More than 20 years ago, MTV launched a reality show that revolutionized television. "The Real World" was a social experiment that made roommates of seven diverse strangers, capturing their personal and often conflict-prone lives to find out "what happens when people stop being polite and start getting real."
Three of those original cast members -- Norman Korpi, Heather B. Gardner and Julie Gentry -- recently reunited on "Oprah: Where Are They Now?" in the New York City loft they once called home. Though the space itself is very different (it's now home to artist Edwina Sandys, the granddaughter of Winston Churchill), the memories of what happened there during "The Real World" days of 1992 remain as strong as ever.
"We shot this show for 13 weeks," Gardner says. "We lived here, we hung out, we talked, we cried, we partied, we fought."
Even before "The Real World" became a huge hit, some of the original cast members sensed that their lives were going to change once filming ended. "Eric [Nies] told us... 'We're going to be huge. People are going to be talking about us 10 years from now,'" Gardner adds. "He knew. He absolutely knew."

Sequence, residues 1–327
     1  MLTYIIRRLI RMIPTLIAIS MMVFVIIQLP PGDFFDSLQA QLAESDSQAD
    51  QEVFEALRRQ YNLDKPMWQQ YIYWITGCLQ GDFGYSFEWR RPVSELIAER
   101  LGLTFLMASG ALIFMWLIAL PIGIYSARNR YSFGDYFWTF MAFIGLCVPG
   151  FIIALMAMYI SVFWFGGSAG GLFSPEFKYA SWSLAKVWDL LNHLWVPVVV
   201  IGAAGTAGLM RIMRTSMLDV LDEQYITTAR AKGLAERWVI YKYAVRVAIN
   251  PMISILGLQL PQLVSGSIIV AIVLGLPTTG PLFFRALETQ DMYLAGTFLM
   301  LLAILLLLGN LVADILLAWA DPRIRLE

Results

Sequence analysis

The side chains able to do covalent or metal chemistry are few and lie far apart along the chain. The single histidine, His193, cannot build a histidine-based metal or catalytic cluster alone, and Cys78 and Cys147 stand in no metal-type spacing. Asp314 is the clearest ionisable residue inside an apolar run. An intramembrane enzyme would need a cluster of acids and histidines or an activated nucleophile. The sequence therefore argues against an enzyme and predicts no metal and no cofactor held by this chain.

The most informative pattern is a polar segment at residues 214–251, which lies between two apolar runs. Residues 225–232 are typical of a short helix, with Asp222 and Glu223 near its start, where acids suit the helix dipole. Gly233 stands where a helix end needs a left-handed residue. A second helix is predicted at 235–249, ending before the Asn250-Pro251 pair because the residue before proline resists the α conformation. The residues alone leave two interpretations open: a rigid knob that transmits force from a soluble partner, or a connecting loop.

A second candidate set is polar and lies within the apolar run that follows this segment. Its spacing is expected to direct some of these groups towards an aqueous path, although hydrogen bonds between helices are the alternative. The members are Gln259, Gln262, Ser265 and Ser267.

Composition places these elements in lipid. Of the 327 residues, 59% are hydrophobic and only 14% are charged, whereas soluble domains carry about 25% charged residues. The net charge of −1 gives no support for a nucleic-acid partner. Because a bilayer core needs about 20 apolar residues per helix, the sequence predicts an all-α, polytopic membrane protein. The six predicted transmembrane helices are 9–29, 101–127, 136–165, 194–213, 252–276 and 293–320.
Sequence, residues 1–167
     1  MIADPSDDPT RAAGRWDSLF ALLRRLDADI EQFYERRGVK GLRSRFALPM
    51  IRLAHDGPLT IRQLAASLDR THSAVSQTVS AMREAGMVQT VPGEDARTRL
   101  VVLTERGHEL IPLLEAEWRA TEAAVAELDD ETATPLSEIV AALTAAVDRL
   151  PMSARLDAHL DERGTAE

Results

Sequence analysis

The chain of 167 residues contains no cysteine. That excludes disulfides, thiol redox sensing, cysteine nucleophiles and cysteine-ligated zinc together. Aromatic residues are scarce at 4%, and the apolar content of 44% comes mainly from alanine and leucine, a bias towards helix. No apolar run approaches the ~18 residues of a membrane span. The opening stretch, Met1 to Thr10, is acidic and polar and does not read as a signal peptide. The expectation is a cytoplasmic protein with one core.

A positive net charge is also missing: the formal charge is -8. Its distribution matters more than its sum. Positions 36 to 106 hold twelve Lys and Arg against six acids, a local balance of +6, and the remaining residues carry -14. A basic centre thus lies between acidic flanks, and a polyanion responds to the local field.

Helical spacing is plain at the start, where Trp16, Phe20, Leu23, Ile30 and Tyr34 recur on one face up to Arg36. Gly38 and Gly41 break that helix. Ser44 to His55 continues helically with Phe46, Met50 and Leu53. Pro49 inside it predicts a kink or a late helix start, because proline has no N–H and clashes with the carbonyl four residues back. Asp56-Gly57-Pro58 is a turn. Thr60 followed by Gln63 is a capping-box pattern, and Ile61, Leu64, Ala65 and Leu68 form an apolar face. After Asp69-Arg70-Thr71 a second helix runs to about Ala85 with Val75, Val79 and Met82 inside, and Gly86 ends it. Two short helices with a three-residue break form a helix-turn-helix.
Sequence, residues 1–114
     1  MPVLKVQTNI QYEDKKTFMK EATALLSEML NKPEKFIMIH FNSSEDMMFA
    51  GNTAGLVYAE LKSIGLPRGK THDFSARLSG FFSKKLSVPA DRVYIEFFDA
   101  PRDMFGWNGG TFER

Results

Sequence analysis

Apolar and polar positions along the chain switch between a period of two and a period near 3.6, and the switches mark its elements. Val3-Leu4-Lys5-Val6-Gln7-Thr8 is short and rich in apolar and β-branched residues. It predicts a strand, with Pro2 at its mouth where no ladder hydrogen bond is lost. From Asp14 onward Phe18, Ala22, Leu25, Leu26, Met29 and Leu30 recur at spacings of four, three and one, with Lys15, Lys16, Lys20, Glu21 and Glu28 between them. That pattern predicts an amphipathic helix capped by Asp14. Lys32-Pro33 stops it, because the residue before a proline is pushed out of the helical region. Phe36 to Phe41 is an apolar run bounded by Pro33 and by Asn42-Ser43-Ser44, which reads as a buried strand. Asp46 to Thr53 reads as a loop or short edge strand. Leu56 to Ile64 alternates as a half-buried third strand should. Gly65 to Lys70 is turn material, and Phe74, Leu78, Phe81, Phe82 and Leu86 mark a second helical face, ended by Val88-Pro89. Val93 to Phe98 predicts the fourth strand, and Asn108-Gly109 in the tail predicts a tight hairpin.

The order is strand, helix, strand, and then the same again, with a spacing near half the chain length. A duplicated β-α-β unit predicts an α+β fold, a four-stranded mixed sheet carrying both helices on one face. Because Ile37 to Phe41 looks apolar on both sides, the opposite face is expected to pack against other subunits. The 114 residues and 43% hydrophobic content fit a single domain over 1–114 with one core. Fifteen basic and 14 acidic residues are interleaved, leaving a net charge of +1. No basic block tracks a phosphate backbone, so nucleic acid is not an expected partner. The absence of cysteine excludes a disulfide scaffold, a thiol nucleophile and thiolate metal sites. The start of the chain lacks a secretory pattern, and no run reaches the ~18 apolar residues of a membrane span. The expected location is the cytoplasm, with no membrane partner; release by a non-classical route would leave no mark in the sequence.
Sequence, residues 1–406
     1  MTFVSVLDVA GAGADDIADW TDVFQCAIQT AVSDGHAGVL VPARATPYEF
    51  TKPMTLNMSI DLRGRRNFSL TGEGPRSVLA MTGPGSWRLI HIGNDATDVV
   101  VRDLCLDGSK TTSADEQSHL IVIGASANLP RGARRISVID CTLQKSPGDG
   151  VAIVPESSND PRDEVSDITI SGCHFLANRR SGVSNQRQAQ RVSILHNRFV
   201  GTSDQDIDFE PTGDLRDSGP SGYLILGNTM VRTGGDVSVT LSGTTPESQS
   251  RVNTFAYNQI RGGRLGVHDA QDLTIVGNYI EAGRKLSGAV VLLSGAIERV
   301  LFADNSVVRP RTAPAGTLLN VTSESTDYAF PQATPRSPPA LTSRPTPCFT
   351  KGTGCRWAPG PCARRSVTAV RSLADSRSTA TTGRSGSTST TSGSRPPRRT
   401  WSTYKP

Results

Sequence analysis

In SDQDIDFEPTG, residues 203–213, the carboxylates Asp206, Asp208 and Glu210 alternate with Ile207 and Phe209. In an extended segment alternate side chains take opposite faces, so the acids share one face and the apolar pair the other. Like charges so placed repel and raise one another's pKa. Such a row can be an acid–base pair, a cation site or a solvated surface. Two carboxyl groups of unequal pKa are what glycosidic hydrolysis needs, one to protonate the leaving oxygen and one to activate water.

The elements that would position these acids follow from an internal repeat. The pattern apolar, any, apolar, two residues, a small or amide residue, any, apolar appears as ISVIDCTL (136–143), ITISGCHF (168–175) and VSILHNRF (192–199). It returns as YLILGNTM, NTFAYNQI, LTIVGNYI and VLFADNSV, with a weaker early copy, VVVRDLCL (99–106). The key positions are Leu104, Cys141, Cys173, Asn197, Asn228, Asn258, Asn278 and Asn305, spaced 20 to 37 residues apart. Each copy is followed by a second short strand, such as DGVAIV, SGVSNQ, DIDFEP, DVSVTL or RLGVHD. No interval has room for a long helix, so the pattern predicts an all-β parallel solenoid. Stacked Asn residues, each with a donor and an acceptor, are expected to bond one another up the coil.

Gentry says that she had two different experiences as a cast member of "The Real World."
"Filming the show was one experience," she says. "Airing it was a whole other ball game."
Her cast mates wholeheartedly agree. "I'd go through a grocery store and I'd shut the grocery store down. I would be stopped every 10 feet," Korpi recalls. "We were more recognizable than any musician on MTV because we were in high rotation."
And it wasn't just the average at-home viewer who took notice. Major celebrities also became fans, and "The Real World" cast members began receiving star treatment.
"If you can imagine, it's 1992 and we're at the VMAs for the first time," Gardner says. "Julie and I were sitting next to each other, and Magic Johnson comes walking up the stairs. We look over and he's... waving!"
Neither Gardner nor Gentry could believe they had attracted the attention of such a well-known public figure. "Why is Magic Johnson waving to us? He was like, 'Hi, how you guys doing? I recognize you,'" Gardner says. "We were like, 'Holy cow!'"